Coding Your Future

I read this article today (posted below) about the importance of learning code. Computer code is used in all the technology we know and love. It suggested that if we are able to learn how to code and become proficient, you will get a job. Technology is in high demand and companies are coming up short in terms of programmers.

This led me to think about forecasting. One of the most important forecasts in our lives right now is the job-market forecasts, which is essentially a mix of a demand forecast and an economic forecast. In these tough economic times, jobs are not easy to come by. This is why we sit here in classes daily and stress over productivity and crashing problems. We are investing in our future through college in hopes it will help us land stable and fulfilling jobs, however we need to know where the opportunities lie. While only some of us go and pursue some pipe-dream career, most current students look at report after report of what the best jobs in the future will be and what are the most stabile and growing industries. We are prepping ourselves just as retailers stock inventory for Christmas. Our degrees and classroom experiences are our inventory.

Although it is no surprise that learning code can land you a job but I had no idea how very valuable it was. In the article it states that, “So few Americans know how to program that firms like Google and Facebook are actually buying whole companies just for their code-literate employees, in what are known as ‘talent acquisitions.’” Information like this is very important to students, especially ones that are about to enter the job market soon. It can be a heads up to maybe take a computer programming course as an elective. By following the forecast in the job-market, it can spur new ideas for courses to take and majors to pursue and overall, make you more valuable as a resource to any company.

6 thoughts on “Coding Your Future

  1. When I think about it, we as humans can be viewed as a product. We go through the life cycle, building our skills and trying to become the best on the market. To be for example the fastest typist, to know many languages, develop unknown computer skills. We are always in search for different ideas, and inquire ways to always be on top. And once we do land the dream job we continue to strive to different, to be unique in the work environment so you don’t fear for the job. If we are skilled at something no one else knows we become that long lasting product that life cycle never ends.

  2. I agree with your post. I find it interesting that technology with programmers is now in demand. I remember when my brother went to DePaul (he graduated about three years ago). When he was deciding on his major his adviser told him not go into a major with computers because they already had too many and it would be too hard to get a job, and now there is a shortage. When picking a major you need think about what the job market will look like when you graduate.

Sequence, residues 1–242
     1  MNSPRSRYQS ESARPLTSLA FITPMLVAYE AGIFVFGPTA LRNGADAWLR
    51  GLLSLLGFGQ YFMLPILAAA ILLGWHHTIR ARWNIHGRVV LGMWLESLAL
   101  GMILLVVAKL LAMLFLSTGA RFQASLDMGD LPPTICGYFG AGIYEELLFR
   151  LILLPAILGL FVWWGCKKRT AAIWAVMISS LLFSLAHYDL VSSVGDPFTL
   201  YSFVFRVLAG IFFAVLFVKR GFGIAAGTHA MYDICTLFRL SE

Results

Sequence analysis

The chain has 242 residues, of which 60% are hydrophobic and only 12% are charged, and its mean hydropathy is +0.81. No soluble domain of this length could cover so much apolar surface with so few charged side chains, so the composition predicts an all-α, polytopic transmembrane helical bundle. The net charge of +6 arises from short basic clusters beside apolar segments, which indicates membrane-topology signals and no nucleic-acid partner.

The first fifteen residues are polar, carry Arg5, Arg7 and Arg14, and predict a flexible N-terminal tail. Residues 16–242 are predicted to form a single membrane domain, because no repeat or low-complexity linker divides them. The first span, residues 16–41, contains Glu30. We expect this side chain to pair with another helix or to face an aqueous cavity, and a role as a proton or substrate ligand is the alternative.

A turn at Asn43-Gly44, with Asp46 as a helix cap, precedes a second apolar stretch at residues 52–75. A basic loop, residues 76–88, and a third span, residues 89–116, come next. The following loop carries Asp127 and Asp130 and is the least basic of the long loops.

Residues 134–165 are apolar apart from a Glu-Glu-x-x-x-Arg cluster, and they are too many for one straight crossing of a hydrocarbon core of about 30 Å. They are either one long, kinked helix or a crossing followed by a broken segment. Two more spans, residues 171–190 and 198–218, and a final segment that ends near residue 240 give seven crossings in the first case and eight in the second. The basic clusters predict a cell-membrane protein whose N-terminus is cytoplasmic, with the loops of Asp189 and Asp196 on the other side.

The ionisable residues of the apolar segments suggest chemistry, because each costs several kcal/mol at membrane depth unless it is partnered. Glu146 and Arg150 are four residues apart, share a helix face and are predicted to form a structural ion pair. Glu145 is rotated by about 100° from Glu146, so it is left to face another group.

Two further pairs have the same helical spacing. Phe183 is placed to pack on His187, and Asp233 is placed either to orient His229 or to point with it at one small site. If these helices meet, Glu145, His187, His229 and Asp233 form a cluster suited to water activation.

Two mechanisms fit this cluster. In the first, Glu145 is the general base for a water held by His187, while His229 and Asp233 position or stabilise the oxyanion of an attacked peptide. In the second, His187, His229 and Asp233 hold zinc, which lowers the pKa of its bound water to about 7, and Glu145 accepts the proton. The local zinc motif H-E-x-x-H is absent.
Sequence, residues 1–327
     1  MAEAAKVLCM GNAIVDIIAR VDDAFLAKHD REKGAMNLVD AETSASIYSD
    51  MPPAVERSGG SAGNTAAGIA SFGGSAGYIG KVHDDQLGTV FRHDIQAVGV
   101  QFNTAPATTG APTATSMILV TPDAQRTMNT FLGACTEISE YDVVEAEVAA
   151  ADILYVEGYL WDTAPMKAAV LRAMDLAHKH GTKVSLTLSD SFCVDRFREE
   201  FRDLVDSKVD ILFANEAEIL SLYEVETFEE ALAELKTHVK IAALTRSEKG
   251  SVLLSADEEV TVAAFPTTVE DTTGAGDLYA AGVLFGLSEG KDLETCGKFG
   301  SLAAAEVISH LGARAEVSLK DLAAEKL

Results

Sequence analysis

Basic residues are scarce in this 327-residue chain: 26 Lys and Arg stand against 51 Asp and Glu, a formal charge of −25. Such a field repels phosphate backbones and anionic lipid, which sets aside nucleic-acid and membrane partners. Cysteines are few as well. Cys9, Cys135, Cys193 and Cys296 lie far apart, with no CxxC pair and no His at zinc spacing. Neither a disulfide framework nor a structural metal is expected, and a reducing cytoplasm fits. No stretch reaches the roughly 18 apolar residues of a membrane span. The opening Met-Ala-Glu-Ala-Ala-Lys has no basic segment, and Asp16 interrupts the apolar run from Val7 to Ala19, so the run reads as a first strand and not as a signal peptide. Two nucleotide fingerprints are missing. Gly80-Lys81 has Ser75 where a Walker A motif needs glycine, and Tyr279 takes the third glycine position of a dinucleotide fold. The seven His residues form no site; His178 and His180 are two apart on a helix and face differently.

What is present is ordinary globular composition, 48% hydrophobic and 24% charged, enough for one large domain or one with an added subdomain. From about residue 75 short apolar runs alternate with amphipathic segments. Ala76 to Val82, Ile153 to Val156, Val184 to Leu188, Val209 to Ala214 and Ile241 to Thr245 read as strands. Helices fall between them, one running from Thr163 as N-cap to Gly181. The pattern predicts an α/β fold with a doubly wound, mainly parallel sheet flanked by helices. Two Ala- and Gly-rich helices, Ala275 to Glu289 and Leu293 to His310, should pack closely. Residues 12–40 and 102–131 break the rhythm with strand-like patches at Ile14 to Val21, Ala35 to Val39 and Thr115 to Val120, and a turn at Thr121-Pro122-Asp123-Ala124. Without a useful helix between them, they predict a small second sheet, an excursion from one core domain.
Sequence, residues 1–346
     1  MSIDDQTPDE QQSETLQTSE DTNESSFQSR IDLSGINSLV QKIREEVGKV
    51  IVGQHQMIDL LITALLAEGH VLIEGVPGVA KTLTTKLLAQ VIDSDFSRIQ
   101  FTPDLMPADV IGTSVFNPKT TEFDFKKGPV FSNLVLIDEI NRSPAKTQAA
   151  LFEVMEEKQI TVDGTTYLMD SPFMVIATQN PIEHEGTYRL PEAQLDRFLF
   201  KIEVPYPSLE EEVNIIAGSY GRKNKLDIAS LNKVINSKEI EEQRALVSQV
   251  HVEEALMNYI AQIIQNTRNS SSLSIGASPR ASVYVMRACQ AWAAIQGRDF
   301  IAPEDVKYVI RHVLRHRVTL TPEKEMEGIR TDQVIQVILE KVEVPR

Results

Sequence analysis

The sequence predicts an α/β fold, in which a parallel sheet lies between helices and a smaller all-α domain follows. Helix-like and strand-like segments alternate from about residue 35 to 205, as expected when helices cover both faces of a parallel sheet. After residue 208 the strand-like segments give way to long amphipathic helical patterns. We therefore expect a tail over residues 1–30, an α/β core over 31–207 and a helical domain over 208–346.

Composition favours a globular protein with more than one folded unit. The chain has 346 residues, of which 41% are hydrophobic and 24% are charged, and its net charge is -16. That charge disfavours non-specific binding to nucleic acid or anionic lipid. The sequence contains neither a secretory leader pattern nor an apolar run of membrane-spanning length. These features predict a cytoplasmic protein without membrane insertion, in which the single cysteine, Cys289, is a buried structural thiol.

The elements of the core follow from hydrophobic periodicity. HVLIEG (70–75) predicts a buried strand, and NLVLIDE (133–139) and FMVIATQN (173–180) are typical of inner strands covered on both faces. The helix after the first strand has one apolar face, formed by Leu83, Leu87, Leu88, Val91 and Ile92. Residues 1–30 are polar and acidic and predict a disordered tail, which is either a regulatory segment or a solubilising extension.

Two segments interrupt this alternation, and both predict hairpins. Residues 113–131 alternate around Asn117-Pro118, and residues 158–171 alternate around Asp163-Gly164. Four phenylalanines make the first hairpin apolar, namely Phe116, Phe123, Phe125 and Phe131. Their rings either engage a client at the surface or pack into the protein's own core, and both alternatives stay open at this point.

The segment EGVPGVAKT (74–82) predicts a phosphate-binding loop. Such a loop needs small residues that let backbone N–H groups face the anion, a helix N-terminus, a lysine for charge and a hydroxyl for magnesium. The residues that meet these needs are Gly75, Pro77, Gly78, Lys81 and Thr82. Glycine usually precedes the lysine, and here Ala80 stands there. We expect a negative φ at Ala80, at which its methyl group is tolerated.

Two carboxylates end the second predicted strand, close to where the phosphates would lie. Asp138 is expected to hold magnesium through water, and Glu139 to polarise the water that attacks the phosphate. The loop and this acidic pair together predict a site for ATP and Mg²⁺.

3. I’m SO glad you wrote this post! Awesome programmers are definitely on high demand. I’m currently working on a teach startup, and let me tell you, almost every person I know who is in the tech industry could use another great coder. If I would have known this 10 years ago, I would have stopped playing those computer games and learned how to actually make one. I have a lot of respect for those who program. It’s definitely like learning a new language.

    PS. If any of you know of any programmers, let me know!

  4. The most interesting part of your post to me was the fact that Google and Facebook bought whole companies just for their ability to code. I have never even heard of companies buying other companies just for the talent that their employees have. This talent acquisition of trying to get people who are code literate just shows how much more we are relying on technology and how being proficient in technology will help you in your job search.

  5. You make a good point about job forecasting because the job force is so competitive that it is essential for to make yourself stand out among all the other college graduates. Programming is a great career, but what should all the students who do not want to follow that path do to make as much money? Perhaps the solution is that the student must compromise by letting go of what one would love to study versus what would be most prudent to study.

  6. Job forecasting as any other type of forecasting is certainly unpredictable. It is sad that a large number of students chose their majors based on some report that maybe right but not completely accurate. I guess the only way to make our majors and careers work is by acquiring as many skills as possible in diverse topics. This way we will be extending the maturity phase of our job life cycle.

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